Silicon Valley Bank, which collapsed on Friday after a classic bank run, donated more than $73 million to groups related to the Black Lives Matter movement, online records show.
A database from the conservative Claremont Institute shows the bank donated around $73,450,000 to the BLM movement and other social justice-related causes.
As first reported by The Federalist, the now-defunct bank pledged in the summer of 2020 – when the nation was gripped by racial unrest after the police custody death of George Floyd – to increase its commitment to “diversity, equipment, and inclusion (DEI)” in the workplace.
A report from August 2020 highlighted the fact that around two-thirds of the bank’s workforce met the “diversity” criteria.
Another report that year touted SVB’s achievements in supporting minorities.
In an introductory letter to the report, CEO Greg Becker said SVB touted employee matching programs that focused on “pandemic response, social justice, sustainability, and supporting women, Black and Latinx emerging talent, and other underrepresented groups.”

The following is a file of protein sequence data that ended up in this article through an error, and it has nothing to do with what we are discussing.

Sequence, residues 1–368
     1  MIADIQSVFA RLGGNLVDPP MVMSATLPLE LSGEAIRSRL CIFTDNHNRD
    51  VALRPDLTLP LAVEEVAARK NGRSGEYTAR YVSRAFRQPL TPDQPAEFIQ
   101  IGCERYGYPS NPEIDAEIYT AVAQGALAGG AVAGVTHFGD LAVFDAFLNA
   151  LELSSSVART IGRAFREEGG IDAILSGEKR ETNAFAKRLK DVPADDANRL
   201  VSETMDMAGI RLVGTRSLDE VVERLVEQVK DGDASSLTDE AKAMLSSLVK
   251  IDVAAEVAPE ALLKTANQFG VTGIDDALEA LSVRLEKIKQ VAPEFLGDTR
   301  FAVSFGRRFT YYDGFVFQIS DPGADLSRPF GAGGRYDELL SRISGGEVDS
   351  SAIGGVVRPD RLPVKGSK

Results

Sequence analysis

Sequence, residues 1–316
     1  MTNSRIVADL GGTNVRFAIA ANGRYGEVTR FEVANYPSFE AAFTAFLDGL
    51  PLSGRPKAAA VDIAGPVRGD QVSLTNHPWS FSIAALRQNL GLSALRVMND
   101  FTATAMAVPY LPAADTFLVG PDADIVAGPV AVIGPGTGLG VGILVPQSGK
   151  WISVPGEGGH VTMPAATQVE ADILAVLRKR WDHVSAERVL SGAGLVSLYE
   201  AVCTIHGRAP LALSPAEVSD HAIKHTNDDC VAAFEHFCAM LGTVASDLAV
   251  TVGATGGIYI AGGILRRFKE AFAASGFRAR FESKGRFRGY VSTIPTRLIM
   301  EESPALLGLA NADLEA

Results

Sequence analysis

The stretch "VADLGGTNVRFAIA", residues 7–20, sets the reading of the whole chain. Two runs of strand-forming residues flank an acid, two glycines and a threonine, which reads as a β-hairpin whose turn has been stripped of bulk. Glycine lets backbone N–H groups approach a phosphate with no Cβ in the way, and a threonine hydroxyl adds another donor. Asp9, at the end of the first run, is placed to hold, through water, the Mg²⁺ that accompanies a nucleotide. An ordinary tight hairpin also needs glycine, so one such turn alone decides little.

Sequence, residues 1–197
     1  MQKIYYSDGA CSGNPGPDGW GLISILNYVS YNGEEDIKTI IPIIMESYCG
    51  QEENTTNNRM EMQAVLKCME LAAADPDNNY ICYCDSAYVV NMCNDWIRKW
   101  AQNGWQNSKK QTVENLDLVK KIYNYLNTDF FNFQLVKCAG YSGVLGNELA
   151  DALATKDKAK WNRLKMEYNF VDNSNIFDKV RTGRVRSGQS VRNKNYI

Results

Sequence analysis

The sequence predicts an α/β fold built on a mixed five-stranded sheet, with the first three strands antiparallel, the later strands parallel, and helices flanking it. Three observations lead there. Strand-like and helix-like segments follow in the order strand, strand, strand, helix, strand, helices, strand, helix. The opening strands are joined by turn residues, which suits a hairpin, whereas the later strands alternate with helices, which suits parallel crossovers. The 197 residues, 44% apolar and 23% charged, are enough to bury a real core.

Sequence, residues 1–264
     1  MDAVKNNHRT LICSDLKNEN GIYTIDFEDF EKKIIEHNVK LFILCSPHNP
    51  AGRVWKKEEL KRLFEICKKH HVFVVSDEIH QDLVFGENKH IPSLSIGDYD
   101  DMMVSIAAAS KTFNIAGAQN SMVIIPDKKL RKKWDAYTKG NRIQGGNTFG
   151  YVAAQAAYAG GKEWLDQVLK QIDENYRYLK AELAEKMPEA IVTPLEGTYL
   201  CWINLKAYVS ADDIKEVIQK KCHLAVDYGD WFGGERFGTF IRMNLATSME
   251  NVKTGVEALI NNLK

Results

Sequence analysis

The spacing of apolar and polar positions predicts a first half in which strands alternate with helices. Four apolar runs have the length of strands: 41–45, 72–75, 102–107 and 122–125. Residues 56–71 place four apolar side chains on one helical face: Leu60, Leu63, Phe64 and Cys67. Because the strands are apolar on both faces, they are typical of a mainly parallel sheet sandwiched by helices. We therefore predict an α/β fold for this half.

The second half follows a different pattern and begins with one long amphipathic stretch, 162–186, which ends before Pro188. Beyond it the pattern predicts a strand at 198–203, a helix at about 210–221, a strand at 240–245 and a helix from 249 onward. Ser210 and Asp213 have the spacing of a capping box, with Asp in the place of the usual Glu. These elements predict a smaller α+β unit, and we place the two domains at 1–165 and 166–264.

FOX Business has reached out to BLM for comment.
Some figures on the right have tried to draw a connection between Silicon Valley Bank’s so-called “woke” priorities and its inevitable demise.
Rep. James Comer, R-Ky., on Sunday argued that Silicon Valley Bank was “one of the most woke banks in [its] quest for the ESG-type policy and investing.”
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Environmental, Social, and Governance, or “ESG,” refers to non-financial standards used by asset managers and investors in financial decision-making.
“This could be a trend and there are consequences for bad Democrat policy,” Comer said during a segment on Fox News’ “Sunday Morning Features.”
The left, meanwhile, has pointed to President Trump’s signing of the Economic Growth, Regulatory Relief, and Consumer Protection Act, which rolled back
Former Rep. Barney Frank, D-Mass., served on the board of Signature Bank, which was shut down in connection with SVB’s collapse. He has said that the 2018 regulatory change played no role in either bank’s issues.
Other critics have pointed to many red flags surrounding the bank, including its rapid growth since the COVID-19 pandemic, its unusually high level of uninsured deposits, and its many investments in long-term government bonds and mortgage-backed securities, which tumbled in value as interest rates rose.
The Associated Press contributed to this report.